February 20, 2024
SAN JOSE, Costa Rica (AP) — Costa Rica and the U.S. government have agreed to open potential legal pathways to the United States for some of the Nicaraguan and Venezuelan migrants among the 240,000 asylum seekers already awaiting asylum in the Central American country. The agreement – announced by Costa Rica Tuesday and the United […]

SAN JOSE, Costa Rica (AP) — Costa Rica and the U.S. government have agreed to open potential legal pathways to the United States for some of the Nicaraguan and Venezuelan migrants among the 240,000 asylum seekers already awaiting asylum in the Central American country.
The agreement – announced by Costa Rica Tuesday and the United States late Monday – appears aimed at reducing the pressure on Costa Rica’s overwhelmed asylum system and heading off asylum seekers who could give up on the slow Costa Rica process and instead set off for the U.S. border.
In recent years, Costa Rica with a population of only 5 million has become one of the world’s leading receptors of asylum requests. In part, applying for asylum was a way for migrants to legalize their status and be allowed to seek work.
However, a soaring number of applications, largely from migrants fleeing neighboring Nicaragua, created a massive backlog. Last year, Nicaraguans accounted for nine out of 10 applicants.
On Tuesday, Public Security Minister Mario Zamora did not say how many of the 240,000 people awaiting asylum would be eligible to apply for one of the U.S. pathways. He and Costa Rica’s migration director Marta Vinda emphasized that only Nicaraguans and Venezuelans with pending asylum applications would be considered.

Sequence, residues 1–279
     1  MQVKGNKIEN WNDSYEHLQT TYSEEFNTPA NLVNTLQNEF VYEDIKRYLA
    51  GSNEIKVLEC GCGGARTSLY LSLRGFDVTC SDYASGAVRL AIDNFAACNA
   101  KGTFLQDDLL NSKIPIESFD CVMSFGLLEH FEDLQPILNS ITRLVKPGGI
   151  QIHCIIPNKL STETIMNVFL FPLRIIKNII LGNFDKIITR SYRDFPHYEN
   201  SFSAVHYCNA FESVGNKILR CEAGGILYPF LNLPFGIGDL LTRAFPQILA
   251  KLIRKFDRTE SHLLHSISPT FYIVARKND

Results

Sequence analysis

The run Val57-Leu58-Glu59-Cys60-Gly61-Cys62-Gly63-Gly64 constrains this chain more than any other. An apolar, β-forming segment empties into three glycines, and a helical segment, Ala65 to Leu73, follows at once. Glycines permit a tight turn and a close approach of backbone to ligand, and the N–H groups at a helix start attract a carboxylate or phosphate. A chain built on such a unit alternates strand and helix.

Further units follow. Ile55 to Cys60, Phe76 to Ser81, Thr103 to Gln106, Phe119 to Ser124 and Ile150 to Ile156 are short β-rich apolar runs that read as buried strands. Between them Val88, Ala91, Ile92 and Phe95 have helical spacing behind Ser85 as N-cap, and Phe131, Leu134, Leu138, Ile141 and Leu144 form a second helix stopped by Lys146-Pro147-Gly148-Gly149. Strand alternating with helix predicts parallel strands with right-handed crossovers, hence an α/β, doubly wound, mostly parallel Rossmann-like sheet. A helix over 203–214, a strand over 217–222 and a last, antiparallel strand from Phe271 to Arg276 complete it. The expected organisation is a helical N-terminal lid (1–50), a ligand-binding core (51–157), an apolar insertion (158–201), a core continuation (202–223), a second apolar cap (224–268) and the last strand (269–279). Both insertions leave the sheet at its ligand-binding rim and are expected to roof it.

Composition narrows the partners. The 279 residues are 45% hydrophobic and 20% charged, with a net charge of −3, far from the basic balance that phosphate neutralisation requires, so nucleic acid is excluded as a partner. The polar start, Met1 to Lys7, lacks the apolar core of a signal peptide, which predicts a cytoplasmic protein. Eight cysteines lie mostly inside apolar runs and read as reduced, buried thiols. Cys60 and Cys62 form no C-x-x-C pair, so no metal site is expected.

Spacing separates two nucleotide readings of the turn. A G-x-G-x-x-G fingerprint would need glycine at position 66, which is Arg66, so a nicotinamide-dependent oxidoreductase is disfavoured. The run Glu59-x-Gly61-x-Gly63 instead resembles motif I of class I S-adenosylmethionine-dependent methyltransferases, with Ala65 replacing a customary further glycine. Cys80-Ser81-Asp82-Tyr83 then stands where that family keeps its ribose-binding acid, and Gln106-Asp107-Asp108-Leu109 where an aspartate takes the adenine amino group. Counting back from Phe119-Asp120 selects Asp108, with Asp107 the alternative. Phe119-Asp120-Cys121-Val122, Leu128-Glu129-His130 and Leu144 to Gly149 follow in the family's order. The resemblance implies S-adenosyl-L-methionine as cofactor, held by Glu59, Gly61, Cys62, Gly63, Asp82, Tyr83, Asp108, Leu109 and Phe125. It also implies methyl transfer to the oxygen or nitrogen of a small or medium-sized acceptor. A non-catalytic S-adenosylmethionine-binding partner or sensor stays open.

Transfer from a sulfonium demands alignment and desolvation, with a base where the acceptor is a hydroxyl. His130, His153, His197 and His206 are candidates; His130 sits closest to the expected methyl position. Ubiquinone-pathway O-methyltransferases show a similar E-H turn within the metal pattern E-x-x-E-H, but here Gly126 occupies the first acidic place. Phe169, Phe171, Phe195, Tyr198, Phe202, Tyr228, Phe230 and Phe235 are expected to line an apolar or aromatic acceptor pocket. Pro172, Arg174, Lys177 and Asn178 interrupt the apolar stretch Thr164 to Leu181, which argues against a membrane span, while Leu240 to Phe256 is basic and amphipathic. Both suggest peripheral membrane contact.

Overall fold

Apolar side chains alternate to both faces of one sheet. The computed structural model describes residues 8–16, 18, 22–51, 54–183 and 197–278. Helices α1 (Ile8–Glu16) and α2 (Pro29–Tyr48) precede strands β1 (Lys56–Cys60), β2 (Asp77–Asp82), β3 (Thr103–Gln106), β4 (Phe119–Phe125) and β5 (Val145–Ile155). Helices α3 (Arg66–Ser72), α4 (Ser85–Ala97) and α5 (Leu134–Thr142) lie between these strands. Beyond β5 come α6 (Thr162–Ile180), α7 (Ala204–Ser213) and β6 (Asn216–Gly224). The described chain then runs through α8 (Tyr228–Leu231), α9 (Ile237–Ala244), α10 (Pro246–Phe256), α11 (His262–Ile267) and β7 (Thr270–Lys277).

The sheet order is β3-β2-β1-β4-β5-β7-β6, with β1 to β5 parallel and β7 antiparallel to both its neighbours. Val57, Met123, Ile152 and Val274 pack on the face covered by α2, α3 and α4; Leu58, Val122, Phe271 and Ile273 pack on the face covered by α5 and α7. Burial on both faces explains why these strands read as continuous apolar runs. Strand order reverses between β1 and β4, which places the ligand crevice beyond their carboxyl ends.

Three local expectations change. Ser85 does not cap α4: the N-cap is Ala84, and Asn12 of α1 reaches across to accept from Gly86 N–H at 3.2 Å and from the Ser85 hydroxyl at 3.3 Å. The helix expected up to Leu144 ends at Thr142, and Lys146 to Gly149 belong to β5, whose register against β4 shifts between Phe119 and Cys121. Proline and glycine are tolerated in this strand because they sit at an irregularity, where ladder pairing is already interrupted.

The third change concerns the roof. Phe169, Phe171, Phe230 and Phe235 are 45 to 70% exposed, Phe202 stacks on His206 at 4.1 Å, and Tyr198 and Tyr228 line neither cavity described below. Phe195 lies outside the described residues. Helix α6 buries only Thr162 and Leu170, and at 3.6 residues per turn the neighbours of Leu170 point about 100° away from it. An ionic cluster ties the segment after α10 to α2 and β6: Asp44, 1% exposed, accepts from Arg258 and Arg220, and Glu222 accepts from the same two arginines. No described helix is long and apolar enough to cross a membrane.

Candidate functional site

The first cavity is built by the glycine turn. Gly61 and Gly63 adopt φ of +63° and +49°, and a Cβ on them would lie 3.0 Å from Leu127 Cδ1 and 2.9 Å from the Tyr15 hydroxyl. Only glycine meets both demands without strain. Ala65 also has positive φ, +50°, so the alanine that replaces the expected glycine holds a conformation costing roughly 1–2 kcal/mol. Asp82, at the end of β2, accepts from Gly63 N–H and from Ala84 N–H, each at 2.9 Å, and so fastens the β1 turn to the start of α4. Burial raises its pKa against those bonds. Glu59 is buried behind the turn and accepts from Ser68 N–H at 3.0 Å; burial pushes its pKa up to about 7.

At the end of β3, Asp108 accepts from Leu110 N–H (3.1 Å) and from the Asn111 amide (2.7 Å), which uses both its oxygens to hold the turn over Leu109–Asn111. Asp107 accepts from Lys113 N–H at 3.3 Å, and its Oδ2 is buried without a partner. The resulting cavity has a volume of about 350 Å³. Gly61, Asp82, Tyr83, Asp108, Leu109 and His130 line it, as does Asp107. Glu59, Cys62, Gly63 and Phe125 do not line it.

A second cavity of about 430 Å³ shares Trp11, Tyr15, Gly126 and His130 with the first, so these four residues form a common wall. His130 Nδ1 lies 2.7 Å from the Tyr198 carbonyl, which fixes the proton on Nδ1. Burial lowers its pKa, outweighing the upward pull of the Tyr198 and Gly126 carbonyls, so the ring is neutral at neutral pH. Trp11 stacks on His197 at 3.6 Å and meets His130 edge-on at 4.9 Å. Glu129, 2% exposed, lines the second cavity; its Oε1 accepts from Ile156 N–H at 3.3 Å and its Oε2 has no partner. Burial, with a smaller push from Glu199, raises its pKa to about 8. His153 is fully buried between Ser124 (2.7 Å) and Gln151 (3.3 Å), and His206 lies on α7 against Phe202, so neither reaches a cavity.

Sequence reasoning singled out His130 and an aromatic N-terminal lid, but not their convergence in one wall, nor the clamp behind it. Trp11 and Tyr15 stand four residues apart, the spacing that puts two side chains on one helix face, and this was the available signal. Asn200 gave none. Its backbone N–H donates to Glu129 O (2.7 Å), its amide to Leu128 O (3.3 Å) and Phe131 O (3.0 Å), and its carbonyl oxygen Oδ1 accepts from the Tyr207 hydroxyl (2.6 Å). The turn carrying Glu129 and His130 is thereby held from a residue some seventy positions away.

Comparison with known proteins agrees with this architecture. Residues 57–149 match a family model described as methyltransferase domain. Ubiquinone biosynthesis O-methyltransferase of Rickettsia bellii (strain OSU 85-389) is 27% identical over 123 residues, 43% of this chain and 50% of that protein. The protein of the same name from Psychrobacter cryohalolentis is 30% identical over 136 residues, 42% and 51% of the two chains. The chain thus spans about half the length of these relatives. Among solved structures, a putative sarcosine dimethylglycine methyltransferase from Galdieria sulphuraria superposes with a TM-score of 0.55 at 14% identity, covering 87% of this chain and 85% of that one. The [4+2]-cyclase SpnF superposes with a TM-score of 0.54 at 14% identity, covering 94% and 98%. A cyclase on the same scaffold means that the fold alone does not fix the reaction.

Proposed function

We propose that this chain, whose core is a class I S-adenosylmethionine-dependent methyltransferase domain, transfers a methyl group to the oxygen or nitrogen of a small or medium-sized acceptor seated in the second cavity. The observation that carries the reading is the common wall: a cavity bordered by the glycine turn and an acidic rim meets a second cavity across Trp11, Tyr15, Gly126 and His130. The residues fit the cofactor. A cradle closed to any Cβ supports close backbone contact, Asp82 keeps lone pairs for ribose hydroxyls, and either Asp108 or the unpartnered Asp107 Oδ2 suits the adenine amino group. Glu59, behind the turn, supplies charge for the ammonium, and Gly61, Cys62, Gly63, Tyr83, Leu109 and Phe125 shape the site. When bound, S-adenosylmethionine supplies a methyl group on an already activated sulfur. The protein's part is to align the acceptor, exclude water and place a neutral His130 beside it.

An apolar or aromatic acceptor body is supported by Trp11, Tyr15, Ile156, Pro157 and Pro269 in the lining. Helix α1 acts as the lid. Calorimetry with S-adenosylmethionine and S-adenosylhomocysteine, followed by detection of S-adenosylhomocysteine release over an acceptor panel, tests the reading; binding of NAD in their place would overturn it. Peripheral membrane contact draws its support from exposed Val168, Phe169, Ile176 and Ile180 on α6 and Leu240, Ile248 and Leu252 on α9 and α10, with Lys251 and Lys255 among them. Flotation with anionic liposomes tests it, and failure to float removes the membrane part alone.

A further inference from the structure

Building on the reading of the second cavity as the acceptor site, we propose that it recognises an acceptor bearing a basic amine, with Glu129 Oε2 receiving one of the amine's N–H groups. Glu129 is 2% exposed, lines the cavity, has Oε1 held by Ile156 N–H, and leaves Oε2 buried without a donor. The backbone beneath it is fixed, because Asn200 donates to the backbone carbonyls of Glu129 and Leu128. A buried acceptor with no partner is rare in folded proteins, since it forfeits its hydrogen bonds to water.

Neither the U.S. nor Costa Rican governments provided details about what the legal pathways could be.
Zamora said the United Nations immigration and refugee agencies would compose a list of those who would be eligible. Migrants applying for asylum after June 12 would not qualify. The officials estimated that they would process about 1,000 cases per month.
On Monday, the U.S. State Department said in a statement the six-month pilot program could expedite refugee processing, as well as other humanitarian and labor options for those interested in entering the U.S.
“In the first two months of the exploratory phase, only eligible individuals will be contacted to schedule a screening appointment at a Movilidad Segura office in Costa Rica to assess whether they are a qualified candidate for lawful pathways to the United States or other countries,” the statement said. After the first two months, eligible migrants will have make an appointment through the MovilidadSegura.org website.
“I suspect that it’s an effort to convince Nicaraguans and Venezuelans in the country to stay there temporarily, keeping numbers down in the short term as they get other things in place at the border,” Aaron Reichlin-Melnick, policy director at the American Immigration Council, said in an email when asked about the Costa Rica agreement. “But who knows how it’ll really work in practice.”
In 2012, Costa Rica received barely 900 asylum applications. In 2018, that number reached nearly 28,000. Last year, the country received more than 67,000 applications between just January and September.
Costa Rica President Rodrigo Chaves said in December the system was being abused by economic migrants and its generous policies would be tightened. As an alternative, it offered a two-year work permit for Nicaraguans, Venezuelans and Cubans in exchange for dropping their asylum cases.
The U.S. government has been seeking ways to manage the flow of migrants toward its southern border. It has increasingly sought the cooperation of governments farther south on the migratory route.
On Monday, a website began working that allows Guatemalans, Hondurans, Salvadorans and Nicaraguans who are still in their countries to apply through a website for appointments to assess their eligibility for various legal pathways offered by the United States.
Nicaraguans and Venezuelans have become major sources of migration to the U.S .during Biden’s presidency. In January, the U.S. began offering parole to up to 30,000 Cubans, Haitians, Nicaraguans and Venezuelans a month who apply online with a financial sponsor and arrive by air.
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AP writer Elliot Spagat in San Diego contributed to this report.